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Croatia

Croatia: Mass vaccination in Zagreb starts this morning

Zvonimir Šostar, director of the Teaching Institute for Public Health “Dr. “Andrija Štampar”, confirmed on Monday that the vaccination process had started in Zagreb, thanking the family doctors who responded to the invitation to receive this project.

He added that there are about 400 doctors participating in the vaccination process.

“Out of 500 family doctors, 400 of them expressed a desire to work on vaccination, so we have 400 doctors,” Šostar told the Croatian Radio show “On the network of the first”.

Šostar added that 35% would vaccinate patients in their surgeries, while 65% at 19 designated points across Zagreb.

“We have already distributed most of the vaccines on Friday; we have 12,000 doses of AstraZeneca available “, said Šostar, adding that every doctor should take three bottles.

“The Moderna collection has not arrived yet, although it was announced last week. “I believe it will come today or tomorrow so we can forward it to our colleagues immediately,” he added.

Šostar explained that the AstraZeneca vaccine does not require special conditions, while Moderna vaccines must be transported frozen.

“This is a big project, the workers are working until midnight,” Šostar said, adding that the delivery of the vaccine should be completed this afternoon.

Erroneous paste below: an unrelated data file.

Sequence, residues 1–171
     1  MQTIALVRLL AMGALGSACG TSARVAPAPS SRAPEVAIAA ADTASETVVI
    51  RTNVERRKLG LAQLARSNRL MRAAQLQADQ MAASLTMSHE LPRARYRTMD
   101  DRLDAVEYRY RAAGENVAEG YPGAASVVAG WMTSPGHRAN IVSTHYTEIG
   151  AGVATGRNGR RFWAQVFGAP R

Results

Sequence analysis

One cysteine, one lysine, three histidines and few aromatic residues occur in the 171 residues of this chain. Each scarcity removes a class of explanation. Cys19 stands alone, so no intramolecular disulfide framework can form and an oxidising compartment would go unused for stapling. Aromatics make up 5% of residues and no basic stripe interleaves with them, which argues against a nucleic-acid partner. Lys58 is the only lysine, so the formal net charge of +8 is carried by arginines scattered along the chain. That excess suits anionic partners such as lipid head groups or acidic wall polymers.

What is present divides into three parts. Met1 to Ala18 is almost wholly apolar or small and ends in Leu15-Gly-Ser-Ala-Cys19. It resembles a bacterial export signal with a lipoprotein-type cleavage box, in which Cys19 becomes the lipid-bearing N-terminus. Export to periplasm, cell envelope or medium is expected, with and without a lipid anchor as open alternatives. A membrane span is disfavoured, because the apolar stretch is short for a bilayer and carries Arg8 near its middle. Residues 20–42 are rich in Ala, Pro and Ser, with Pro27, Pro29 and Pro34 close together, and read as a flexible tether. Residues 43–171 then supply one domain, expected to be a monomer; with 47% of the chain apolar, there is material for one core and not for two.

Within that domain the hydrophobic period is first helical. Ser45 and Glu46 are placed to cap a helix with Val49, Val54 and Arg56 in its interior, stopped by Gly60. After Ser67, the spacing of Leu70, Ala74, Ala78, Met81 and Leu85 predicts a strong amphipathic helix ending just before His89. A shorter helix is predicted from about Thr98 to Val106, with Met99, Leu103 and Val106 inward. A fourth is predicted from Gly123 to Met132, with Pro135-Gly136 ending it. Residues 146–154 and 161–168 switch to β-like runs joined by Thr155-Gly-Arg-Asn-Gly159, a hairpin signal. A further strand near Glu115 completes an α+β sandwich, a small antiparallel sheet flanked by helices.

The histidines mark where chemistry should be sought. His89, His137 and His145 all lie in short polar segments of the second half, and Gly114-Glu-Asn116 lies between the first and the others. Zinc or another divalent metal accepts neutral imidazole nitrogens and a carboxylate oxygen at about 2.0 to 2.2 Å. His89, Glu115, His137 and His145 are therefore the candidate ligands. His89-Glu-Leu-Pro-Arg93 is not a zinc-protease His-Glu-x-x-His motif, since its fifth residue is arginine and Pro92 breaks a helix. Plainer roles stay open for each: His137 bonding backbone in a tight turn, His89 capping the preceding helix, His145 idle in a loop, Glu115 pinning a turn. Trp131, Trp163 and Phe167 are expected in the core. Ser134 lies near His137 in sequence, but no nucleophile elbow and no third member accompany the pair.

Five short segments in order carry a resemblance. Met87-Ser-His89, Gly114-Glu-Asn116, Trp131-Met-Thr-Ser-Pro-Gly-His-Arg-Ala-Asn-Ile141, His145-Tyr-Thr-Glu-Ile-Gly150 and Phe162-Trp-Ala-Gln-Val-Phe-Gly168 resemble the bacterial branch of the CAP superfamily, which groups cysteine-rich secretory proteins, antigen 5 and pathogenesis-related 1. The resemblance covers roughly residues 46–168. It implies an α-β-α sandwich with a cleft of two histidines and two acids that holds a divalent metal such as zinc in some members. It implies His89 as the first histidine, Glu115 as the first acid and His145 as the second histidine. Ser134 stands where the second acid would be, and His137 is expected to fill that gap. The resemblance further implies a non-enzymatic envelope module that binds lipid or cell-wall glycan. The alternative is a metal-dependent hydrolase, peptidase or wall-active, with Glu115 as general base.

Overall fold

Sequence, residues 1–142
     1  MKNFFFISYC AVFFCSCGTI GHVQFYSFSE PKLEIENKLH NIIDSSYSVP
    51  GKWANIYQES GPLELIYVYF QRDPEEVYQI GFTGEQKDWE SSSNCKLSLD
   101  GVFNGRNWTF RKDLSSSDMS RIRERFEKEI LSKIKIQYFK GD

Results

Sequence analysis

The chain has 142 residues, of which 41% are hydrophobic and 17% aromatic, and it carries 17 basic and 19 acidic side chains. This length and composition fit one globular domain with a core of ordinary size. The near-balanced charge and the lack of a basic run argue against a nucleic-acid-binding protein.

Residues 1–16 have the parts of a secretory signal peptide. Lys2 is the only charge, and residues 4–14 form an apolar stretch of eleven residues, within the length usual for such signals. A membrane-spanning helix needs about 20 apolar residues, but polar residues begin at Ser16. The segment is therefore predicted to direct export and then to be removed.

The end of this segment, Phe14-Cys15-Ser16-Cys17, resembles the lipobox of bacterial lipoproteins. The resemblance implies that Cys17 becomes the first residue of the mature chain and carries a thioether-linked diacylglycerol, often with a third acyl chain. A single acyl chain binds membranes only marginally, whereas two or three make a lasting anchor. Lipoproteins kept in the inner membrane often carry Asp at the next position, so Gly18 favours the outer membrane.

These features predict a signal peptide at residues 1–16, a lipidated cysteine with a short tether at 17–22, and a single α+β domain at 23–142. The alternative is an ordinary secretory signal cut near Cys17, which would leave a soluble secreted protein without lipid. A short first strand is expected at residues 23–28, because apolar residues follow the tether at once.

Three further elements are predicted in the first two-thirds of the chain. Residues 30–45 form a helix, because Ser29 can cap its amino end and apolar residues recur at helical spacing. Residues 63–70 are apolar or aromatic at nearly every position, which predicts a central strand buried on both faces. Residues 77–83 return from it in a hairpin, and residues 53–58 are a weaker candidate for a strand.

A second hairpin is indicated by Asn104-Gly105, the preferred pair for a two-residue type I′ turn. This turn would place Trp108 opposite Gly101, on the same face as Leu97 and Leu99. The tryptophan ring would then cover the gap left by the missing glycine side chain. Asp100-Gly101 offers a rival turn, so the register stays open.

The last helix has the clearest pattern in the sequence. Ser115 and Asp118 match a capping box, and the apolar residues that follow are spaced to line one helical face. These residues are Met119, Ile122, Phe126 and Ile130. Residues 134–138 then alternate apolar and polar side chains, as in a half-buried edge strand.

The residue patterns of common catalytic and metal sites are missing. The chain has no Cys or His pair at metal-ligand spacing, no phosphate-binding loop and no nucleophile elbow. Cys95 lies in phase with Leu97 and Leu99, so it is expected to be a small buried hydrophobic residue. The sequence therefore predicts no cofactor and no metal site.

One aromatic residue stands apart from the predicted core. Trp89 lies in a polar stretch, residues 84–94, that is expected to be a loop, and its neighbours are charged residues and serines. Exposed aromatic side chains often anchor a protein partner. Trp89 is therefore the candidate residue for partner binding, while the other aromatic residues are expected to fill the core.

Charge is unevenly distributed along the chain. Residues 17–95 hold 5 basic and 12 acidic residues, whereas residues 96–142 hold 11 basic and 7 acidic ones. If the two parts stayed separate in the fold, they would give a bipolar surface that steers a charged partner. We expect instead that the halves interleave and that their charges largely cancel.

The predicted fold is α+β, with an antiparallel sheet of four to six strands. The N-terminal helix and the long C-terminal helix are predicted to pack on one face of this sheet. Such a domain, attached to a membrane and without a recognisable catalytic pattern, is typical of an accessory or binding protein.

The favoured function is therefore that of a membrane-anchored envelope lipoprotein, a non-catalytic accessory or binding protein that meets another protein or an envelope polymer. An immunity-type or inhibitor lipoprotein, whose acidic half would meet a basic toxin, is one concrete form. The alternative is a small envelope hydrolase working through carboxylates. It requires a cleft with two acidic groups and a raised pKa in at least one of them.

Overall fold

If all goes as planned, 17,000 people will be vaccinated this week.

Dr. Mirela Marković from the Family Physicians Coordination (KoHOM) explained what the vaccination would look like.

“We tried to get organized to some extent, some self-organized and somewhere there were organized points. My office has a normal working day, no vaccinations. We will do it tomorrow, and today we will make the preparations. “We will call our patients to order them in a timely manner,” Markovic said.

She added that the younger population, the people who had the right to be vaccinated in the first round and lost it for some reason, started calling them last week.

“These are health workers, police officers and people working in the prison system. “Our elderly patients and those up to the age of 65 are calling us more and more,” Markovic added.

She believes that over time, everything will be better organized. “At this point, the most important thing is to start vaccinating. “Patients are everyone’s priority,” she said.

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